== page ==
WID advocates asserted that women's inclusion in development projects had been on the basis of their roles as mothers and carers, while men entered the policy process as heads of households. Therefore, mainstream development programmes were targeted mainly to men, whereas women were relegated to the more marginal 'welfare' sector. What WID advocates were contesting was the view of women that they claimed permeated development projects at that time. These claims were based on theoretical debate around gender issues during the 1970s. In fact, those years saw a wave of feminist activism and debate, particularly in northern countries.
Feminist movements were asserting the equality of women with men, especially in civil and political rights within northern states. They also stressed the need to break free from the biological determinism, which constructed women's and men's roles on the basis of their sexual identities, therefore, immutable characteristics. For instance, marginalisation of women from development process was not considered problematic, based on the premise that households are altruistic and that they would be taken care by male heads of households.
Women, therefore, considered as the passive recipients of the development programmes directed towards women, but "only as mothers (nutrition and maternal and child health programmes) or potential mothers (population programmes). Women are seen reproducers, not producers, welfare cases not workers" (Jane S. Jaquette, 1982).
'Gender and Development' (GAD), is the name of another approach to feminist advocacy within the development establishment, developed during the 1980s. Key elements of this method can be deduced from the title itself: the centrality of the concept of gender, and the emphasis on relational aspects implied by the use of the conjuncture and.
Historically, GAD is an approach which has emerged principally in opposition to the WID's liberal approach. The GAD feminist advocacy arose out of criticism of both current development approaches and of Western feminism. Both were accused of 'homogenising' the women of the South, thus creating a 'Third World Woman', which was transformed into both the victim of development myopia and an instrument for feminist entry into the development establishment.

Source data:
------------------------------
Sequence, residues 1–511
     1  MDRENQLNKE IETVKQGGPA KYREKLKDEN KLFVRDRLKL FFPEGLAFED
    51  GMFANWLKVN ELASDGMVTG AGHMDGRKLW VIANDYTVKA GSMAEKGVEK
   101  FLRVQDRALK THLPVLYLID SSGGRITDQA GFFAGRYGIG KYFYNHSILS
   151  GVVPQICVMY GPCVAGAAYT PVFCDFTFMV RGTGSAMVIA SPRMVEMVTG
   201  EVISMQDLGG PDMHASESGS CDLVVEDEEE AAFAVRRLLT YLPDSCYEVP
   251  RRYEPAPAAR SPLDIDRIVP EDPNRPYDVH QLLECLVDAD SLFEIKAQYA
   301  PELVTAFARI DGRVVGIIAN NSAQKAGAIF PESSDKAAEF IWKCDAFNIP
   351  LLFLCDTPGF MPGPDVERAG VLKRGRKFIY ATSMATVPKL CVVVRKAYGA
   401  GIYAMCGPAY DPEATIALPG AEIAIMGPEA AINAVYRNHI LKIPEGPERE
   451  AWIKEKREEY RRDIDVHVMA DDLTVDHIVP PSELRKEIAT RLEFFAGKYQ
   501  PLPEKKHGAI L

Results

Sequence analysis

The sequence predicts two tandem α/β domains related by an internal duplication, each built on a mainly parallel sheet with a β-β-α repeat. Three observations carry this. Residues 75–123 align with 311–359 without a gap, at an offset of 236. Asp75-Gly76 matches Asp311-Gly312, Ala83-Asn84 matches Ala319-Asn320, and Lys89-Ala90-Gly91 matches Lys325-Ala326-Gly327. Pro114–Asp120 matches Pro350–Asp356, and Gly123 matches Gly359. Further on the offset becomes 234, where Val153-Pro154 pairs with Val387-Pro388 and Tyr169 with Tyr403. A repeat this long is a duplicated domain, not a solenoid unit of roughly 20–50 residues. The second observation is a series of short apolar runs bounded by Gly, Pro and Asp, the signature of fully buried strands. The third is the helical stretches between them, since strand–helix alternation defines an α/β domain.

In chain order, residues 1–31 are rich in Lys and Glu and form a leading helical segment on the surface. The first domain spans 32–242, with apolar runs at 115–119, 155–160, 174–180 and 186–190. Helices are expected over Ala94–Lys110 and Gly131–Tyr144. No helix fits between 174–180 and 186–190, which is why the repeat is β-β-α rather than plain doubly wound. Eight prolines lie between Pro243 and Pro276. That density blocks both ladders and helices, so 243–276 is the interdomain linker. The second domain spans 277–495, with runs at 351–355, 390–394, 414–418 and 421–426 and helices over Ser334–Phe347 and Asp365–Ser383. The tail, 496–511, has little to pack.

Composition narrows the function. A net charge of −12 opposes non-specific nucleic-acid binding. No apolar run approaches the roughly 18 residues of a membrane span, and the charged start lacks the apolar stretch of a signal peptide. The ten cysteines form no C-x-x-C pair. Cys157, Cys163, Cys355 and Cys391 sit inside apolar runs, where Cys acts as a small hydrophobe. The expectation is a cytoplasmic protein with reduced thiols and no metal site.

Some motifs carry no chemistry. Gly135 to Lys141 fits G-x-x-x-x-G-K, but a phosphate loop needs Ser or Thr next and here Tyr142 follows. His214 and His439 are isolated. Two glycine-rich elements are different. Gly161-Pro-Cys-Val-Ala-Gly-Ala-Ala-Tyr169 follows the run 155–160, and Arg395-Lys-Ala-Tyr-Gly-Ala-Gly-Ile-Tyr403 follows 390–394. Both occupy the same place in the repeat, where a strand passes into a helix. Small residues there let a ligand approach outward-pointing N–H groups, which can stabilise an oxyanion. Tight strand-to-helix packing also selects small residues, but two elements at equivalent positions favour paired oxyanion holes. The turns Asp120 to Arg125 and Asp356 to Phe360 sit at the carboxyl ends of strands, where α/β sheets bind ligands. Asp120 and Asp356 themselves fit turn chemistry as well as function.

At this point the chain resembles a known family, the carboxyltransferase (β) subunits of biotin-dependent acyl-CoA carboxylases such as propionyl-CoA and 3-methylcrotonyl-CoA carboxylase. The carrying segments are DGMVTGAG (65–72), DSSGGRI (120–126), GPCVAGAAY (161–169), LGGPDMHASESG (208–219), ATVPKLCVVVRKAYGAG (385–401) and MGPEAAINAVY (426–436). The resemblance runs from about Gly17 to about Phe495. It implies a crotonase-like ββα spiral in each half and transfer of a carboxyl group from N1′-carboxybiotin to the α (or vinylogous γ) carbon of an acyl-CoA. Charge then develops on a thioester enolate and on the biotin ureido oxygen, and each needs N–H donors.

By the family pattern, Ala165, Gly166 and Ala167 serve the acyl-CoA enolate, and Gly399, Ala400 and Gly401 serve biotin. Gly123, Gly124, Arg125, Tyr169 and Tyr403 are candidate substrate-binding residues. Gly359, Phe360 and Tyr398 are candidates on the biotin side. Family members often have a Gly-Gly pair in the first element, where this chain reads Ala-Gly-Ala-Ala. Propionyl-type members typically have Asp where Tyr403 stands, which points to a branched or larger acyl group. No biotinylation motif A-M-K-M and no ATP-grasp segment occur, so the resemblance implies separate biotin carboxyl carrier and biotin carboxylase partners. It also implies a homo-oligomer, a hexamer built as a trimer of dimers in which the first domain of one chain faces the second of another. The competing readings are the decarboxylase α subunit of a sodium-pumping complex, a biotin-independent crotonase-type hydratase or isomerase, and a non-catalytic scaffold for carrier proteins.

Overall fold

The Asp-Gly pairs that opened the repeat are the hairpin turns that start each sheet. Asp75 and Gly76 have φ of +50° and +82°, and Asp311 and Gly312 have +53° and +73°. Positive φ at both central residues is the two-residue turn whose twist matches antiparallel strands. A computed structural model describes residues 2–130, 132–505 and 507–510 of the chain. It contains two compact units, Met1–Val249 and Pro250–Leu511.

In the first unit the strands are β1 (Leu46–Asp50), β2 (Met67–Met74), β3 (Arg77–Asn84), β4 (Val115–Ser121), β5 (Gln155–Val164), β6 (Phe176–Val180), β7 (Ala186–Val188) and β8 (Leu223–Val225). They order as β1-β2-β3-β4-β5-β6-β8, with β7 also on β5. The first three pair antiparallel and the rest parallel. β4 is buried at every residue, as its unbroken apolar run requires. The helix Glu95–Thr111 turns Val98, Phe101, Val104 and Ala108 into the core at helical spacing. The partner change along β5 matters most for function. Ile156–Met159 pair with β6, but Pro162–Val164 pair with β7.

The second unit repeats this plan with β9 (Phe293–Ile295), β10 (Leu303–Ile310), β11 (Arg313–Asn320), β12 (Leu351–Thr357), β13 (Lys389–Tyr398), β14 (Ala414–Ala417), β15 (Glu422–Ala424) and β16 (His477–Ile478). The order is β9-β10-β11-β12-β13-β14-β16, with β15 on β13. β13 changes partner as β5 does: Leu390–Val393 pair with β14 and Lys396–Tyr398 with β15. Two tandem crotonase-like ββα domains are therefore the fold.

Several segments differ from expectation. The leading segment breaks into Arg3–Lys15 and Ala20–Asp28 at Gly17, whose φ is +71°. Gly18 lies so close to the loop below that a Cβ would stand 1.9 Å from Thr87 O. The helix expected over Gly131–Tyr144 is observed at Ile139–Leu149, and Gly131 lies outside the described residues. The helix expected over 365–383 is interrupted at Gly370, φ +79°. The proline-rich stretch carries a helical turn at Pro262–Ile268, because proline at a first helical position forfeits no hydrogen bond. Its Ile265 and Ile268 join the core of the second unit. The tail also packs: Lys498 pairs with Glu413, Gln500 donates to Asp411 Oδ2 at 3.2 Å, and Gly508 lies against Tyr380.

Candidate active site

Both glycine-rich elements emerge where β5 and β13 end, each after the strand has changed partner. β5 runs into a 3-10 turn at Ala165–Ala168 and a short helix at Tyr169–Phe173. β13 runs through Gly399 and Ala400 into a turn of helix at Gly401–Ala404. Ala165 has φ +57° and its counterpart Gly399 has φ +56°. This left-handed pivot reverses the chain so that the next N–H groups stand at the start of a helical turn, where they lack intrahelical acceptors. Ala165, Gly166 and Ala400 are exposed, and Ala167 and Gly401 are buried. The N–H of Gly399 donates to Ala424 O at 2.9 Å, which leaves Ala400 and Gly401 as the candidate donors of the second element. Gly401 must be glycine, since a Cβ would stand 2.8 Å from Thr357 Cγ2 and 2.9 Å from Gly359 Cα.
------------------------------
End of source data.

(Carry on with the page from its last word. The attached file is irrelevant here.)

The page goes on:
GAD advocates the necessity to shift the focus from women as a group to the socially determined relations between women and men. This 'deconstruction' of gender roles had a prominent aim of evidencing the need to free Third World Women from deterministic assumptions about their needs and interests based solely on their womanhood and the fact that they lived in developing countries. Presently, the work of deconstruction and critique of dominant approaches has entered into the development discourse. This is also being harshly criticised especially for its progressively evident incapacity to reach those whom it was supposed to be aiding most: the poorest people in developing countries.
Policy Implications of these Approaches
The WID approach had contested the preceding sex-based division and called for utilising women in the development process by involving them in the productive roles by integrating them in the development process. The two underlined policy prescriptions were integration of women into ongoing development initiatives and thus avoiding the confrontation with the sources and nature of women subordination and with the emphasis on investing in women education and employment -- the latter being concentrating on women's productive role thus investing in increasing women's skills to enable them to generate their incomes (Rathberger: 1990).